When Suzanne O'Connell goes shopping, she follows her own advice: Stick with the classics.That's been her fashion philosophy for the last 10 years, and it's allowed her to build a wardrobe with a long shelf life.As the sales manager for the Omni Inner Harbor Hotel, she considers looking good part of her job. It's so important that Ms. O'Connell, 35, won't wear the same outfit more than once every three weeks.Her signature style: black and white separates; colorful scarves.Why only black and white?
SPORTS
By Jamison Hensley | jamison.hensley@baltsun.com | January 20, 2010
T he usually casual John Harbaugh dressed up for his season-ending news conference, wearing a brown sports jacket and tie. Judging by his answers in Tuesday's 38-minute media session, the coach's attire could be the one of the few new looks for the Ravens this offseason. Ed Reed and Derrick Mason? Harbaugh believes both will return. The wide receivers? He expects to bring back restricted free agents Mark Clayton and Demetrius Williams. Willis McGahee and Trevor Pryce?
NEWS
January 3, 2010
Volunteers are needed for a variety of administrative, fundraising, event coordinator, and manager positions in two Annapolis offices. There also an immediate need for database entry and general office assistants and wardrobe assistants. Call Dianne Werner-Taylor at 410-263-8289 or e-mail btm@balletmaryland.org.
SPORTS
By Jeff Zrebiec and Jeff Zrebiec,jeff.zrebiec@baltsun.com | November 12, 2008
One long wait ends today for Orioles fans, who will no longer be able to gripe about the absence of the city's name from the team's road uniforms. At a fan rally today at noon at The Gallery at Harborplace, attended by some of the organization's top players from its past and present, the Orioles will unveil new uniforms for the 2009 season. The Orioles logo and the bird on the team's caps have undergone alterations. There are also changes in each of the team's three jerseys, some more subtle than others.
FEATURES
April 30, 2008
Exhibit set for `The Wire' Join the cast of the locally produced HBO show at the grand opening of Local Scenes on the Silver Screen: The Wire exhibit from 4:30 p.m. to 9:30 p.m. at the Baltimore Museum of Industry, 1415 Key Highway. The event includes two panel discussions focused on the show, which ran for five seasons. The exhibit, open through December, features props, wardrobe and set pieces. For today's event, tickets are $10 to $45. Call 410-727-4808.
BUSINESS
By Nancy Jones-Bonbrest and Nancy Jones-Bonbrest,Special to The Sun | December 19, 2007
Salli Ward Wardrobe consultant/personal shopper Wonderful Wardrobes, Owings Mills Salary --$35,500 Age --61 Years on the job --17 How she got started --Working as a wardrobe consultant is a second career for Ward, who spent 25 years as an elementary school teacher in Illinois. While she was still teaching, she began selling the Doncaster brand of clothing as a part-time job. She moved to Maryland in 1996 and continued working as a sales consultant for the company. "I see my role as helping women find clothes that work for them."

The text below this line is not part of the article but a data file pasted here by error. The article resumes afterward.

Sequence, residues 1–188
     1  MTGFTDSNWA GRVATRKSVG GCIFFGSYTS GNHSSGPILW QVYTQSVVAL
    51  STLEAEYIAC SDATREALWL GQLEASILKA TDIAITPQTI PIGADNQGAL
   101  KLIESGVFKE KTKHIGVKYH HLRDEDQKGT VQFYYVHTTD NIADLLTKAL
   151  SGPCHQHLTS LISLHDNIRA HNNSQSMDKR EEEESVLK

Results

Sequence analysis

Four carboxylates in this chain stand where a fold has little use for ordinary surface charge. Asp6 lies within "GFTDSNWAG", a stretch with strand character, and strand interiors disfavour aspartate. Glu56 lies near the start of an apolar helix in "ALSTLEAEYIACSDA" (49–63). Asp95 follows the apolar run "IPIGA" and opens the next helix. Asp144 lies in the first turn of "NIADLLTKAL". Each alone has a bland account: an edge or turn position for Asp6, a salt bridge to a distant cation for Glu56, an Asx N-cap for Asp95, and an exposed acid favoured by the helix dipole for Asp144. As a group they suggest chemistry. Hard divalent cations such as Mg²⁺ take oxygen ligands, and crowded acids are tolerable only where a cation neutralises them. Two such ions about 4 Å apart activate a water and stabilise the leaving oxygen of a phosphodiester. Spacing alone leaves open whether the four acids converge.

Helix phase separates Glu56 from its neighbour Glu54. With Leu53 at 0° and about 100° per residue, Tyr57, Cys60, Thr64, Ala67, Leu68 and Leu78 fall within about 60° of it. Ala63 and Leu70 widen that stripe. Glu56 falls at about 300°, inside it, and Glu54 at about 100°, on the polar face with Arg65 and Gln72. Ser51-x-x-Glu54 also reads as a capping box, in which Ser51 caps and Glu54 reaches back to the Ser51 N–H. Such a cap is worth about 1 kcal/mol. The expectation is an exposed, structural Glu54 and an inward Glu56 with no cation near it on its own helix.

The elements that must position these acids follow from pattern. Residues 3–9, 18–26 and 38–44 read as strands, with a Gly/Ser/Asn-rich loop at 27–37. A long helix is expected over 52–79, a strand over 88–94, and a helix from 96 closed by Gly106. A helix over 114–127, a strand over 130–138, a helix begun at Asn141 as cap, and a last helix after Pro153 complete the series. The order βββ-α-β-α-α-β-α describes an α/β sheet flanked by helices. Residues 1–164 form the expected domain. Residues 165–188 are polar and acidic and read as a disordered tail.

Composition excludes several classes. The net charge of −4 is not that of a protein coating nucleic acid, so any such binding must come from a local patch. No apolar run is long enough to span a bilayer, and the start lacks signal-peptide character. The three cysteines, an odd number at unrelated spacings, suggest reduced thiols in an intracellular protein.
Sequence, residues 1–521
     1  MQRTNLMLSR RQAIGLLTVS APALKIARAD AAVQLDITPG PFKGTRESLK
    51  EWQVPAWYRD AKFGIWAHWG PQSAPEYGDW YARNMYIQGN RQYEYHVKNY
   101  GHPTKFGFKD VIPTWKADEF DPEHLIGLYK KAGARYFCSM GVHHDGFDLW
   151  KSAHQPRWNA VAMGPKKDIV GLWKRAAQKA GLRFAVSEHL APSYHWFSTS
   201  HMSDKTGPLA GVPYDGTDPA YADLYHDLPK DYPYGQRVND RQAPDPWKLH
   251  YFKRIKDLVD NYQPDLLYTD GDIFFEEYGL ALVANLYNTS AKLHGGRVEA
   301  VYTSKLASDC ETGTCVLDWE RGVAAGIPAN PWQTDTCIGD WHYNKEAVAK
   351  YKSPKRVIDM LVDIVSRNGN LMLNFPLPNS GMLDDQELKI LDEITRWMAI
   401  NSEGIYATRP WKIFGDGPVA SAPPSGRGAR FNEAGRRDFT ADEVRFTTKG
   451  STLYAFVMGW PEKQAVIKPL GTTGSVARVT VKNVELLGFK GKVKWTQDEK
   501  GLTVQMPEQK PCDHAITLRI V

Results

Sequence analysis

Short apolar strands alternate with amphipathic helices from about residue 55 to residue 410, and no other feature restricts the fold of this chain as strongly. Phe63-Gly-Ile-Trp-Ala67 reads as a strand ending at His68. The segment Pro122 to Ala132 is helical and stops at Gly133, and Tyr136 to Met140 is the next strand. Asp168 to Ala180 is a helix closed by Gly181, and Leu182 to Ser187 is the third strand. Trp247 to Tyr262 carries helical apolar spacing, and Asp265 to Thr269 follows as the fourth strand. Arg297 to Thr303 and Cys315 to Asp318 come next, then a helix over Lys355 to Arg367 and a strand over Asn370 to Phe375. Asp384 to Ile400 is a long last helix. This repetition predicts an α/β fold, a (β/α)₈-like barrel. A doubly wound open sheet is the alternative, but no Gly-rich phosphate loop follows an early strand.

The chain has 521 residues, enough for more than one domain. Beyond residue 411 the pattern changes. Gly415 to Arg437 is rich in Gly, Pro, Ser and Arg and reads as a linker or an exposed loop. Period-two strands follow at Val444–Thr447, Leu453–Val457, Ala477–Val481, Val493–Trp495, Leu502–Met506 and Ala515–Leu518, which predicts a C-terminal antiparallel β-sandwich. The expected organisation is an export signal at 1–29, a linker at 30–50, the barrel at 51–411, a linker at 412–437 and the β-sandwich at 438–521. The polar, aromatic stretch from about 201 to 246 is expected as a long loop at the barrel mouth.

ENTERTAINMENT
By [ALLIE SEMENZA] | June 7, 2007
What's the point? -- Always felt you've had a knack for putting outfits together? Or do you just like to admire other people's creative style? Wardrobe Remix, a community on the photo-hosting site Flickr, was created for everyday people to share their original outfits. Though most outfits posted are of the hipster variety, Wardrobe Remix is a good place to pick up style tips - as long as you avoid the few outfits posted that are, how shall we say it, not exactly fashion friendly. What to look for --Under each photo, most people also list where they bought each piece of the outfit.
NEWS
By Douglas Lamborne and Douglas Lamborne,SPECIAL TO THE SUN | August 28, 2000
BY MANY ACCOUNTS, Casual Fridays in the workplace appears to be giving way to Casual All Week Long. Is this further evidence of the decline of civilization as we know it? "No," said Larry Vincent, owner of Laurance Clothing on Main Street in Annapolis. "I don't see a decline. It's a paradigm shift." Donald Griffin, owner of Hyde Park Annapolis Haberdashery at City Dock, sees subtle changes in men's dress. "I call it the `third wardrobe,'" he said. Said Jean Johnson Held of Johnson's on State Circle: "We call it an unconstructed look."
FEATURES
By Vida Roberts and Vida Roberts,SUN FASHION EDITOR | September 5, 1996
There's no ignoring fashion this season. Proportions have changed so dramatically that this fall's hot styles do not live happily with holdovers from the '80s. Women who have been getting by with minor adjustments for the past few years will have to make a turnaround if they want to stay in step.That turn depends less on a totally new wardrobe, however, than thinking about the new long, clean and narrow essentials.Significant purchases now have to be edited with an eye to tomorrow, which means finally letting go of shoulder pads, stiletto heels and fussy girlie suits.
NEWS
By LAURA VOZZELLA | May 14, 2006
Is polyester a protected class? I ask because PSC Chairman Kenneth Schisler testified at a legislative hearing the other day that he fired the commission's chief engineer, in part, for wearing a "dorky, '70s-era tie." I consulted two experts in labor law. Their verdict? Bad news for disco diehards. "Wearing polyester is not protected by law," said Robert Kellner, chairman of the employment law practice group at Gordon, Feinblatt. "At-will" employees can be fired in Maryland for any reason, except an illegal one, such as age, race, religion, sexual orientation, he said.
FEATURES
January 20, 2006
Capsules are by critics Michael Sragow and Chris Kaltenbach. Full reviews are at baltimoresun.com/movies. Brokeback Mountain, -- stars Heath Ledger as Ennis del Mar, the ranch-hand lover of small-time rodeo-man Jack Twist (Jake Gyllenhaal). After their first summer of love, Ennis and Jack start families with their respective wives (Michelle Williams as Alma and Anne Hathaway as Lureen) but reconnect after four years. Soon they're taking semiannual "fishing trips" and comparing notes on lives of quiet desperation.